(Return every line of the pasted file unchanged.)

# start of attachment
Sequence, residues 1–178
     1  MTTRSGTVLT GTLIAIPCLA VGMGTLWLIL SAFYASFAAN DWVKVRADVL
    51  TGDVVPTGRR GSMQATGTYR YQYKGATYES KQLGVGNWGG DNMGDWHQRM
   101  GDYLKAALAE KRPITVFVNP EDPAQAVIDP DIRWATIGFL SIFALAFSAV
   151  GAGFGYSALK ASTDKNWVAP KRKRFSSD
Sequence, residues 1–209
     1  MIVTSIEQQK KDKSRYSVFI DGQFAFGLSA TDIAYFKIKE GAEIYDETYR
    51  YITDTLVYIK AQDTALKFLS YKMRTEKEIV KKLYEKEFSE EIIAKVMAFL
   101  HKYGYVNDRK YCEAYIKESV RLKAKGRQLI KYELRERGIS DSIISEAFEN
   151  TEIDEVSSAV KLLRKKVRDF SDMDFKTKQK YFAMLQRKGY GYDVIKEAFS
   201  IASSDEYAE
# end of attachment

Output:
Sequence, residues 1–178
     1  MTTRSGTVLT GTLIAIPCLA VGMGTLWLIL SAFYASFAAN DWVKVRADVL
    51  TGDVVPTGRR GSMQATGTYR YQYKGATYES KQLGVGNWGG DNMGDWHQRM
   101  GDYLKAALAE KRPITVFVNP EDPAQAVIDP DIRWATIGFL SIFALAFSAV
   151  GAGFGYSALK ASTDKNWVAP KRKRFSSD
Sequence, residues 1–209
     1  MIVTSIEQQK KDKSRYSVFI DGQFAFGLSA TDIAYFKIKE GAEIYDETYR
    51  YITDTLVYIK AQDTALKFLS YKMRTEKEIV KKLYEKEFSE EIIAKVMAFL
   101  HKYGYVNDRK YCEAYIKESV RLKAKGRQLI KYELRERGIS DSIISEAFEN
   151  TEIDEVSSAV KLLRKKVRDF SDMDFKTKQK YFAMLQRKGY GYDVIKEAFS
   201  IASSDEYAE